Agreed -- But how is the child better served if 911 connects them to a call center which might not even be in the same state, and all they know is that they're at dad's house?
Having 911 (or better, E911) for a fixed location VoIP device is already being implemented by many/most carriers that sell a non-portable solution.
However, making roaming 911 work is a challenge which won't be overcome easily unless you can force users to enter a current valid address whenever they move the VoIP device. It's virtually impossible to get reliable GPS signals indoors, so it simply isn't feasible for the device to do the trick itself. Cell phones at least have a fixed location of the tower, which can give the call center a rough idea of where the problem is, but VoIP doesn't even have that advantage.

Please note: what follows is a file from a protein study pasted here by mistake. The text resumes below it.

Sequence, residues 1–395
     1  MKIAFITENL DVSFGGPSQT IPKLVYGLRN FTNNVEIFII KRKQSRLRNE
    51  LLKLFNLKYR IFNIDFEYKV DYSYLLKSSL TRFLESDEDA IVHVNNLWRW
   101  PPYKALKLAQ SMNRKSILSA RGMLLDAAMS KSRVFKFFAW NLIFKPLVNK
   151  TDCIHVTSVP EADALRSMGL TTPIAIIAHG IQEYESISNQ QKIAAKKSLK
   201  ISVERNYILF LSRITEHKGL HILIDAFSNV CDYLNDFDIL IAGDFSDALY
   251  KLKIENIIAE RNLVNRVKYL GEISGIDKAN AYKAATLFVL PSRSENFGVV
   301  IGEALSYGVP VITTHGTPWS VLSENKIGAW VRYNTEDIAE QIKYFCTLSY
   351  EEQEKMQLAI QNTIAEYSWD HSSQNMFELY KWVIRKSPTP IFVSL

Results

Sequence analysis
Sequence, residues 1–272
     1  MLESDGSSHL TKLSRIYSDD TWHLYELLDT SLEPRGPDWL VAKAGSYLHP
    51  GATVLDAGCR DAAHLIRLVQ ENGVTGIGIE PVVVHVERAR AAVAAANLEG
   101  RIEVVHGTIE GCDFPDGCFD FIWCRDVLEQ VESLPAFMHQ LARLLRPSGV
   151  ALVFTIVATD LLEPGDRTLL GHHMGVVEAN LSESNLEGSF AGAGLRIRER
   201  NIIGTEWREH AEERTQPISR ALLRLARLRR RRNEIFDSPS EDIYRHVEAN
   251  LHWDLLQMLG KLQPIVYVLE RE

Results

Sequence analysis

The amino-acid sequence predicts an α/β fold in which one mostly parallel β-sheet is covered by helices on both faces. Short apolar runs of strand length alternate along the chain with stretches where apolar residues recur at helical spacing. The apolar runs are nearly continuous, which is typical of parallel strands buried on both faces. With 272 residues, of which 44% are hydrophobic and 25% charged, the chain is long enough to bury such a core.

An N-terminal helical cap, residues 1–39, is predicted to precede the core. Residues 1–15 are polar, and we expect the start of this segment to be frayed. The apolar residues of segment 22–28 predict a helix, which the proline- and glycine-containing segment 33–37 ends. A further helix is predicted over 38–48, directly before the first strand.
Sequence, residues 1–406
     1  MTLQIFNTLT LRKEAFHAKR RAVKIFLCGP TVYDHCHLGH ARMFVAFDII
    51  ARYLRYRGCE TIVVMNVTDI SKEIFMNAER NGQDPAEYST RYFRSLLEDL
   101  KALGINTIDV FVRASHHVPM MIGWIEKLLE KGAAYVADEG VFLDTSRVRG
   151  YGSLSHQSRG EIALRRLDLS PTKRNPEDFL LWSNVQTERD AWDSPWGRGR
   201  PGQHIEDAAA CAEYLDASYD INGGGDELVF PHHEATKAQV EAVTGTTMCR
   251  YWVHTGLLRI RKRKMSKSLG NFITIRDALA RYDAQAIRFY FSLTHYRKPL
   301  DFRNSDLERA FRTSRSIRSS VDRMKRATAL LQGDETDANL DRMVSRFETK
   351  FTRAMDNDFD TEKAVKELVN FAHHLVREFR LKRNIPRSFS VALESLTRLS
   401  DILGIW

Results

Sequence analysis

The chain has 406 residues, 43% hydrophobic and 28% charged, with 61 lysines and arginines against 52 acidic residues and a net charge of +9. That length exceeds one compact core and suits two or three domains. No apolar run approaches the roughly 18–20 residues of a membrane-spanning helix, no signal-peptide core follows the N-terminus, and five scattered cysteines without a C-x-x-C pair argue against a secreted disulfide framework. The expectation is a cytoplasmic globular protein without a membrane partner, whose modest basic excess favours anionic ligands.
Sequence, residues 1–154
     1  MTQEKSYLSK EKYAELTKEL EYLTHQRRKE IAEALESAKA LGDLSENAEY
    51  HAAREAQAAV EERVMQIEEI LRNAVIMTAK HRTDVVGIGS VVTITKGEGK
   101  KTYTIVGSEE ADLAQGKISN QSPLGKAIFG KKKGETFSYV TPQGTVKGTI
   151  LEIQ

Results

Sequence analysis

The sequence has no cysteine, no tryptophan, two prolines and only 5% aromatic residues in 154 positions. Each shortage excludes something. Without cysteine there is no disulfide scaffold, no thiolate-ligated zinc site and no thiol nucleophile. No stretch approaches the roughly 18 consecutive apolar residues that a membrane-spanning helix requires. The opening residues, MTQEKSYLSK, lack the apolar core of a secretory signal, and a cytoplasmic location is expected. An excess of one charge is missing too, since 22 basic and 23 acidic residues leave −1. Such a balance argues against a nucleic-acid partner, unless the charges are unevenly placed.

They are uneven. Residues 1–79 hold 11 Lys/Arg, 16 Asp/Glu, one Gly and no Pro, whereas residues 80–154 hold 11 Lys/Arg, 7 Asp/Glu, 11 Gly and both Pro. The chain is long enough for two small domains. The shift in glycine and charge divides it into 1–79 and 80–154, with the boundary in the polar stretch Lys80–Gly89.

I don't know about anybody else, but I'd rather have 911 return a "Stop, this phone is not equipped to dial 911. Please use another phone to dial 911" error message rather then have someone get routed to a 911 call center that can't help them -- At least knowing that no help is coming gives them a chance to obtain assistance elsewhere.[TELECOM Digest Editor's Note: I wonder how this scheme would work ... any calls to 911 from a VOIP get intercepted by the broadband ISP who is handling the connection. The IP address in use (and its physical address) get transmitted 'like ANI' to the local police. The 'ANI-like' information passed along (from wherever) to the PSAP identifies it as a VOIP from address (registered with the ISP for the IP street address.) Am I correct in my assumption that most stationary computers with broadband stay in the same place and they are almost always on the same IP address as well? I know in my instance I have been 24.xxx.xxx.xxx for however long, here at the same street address, etc. Can't those two items (IP and street address) often as not be matched? PAT]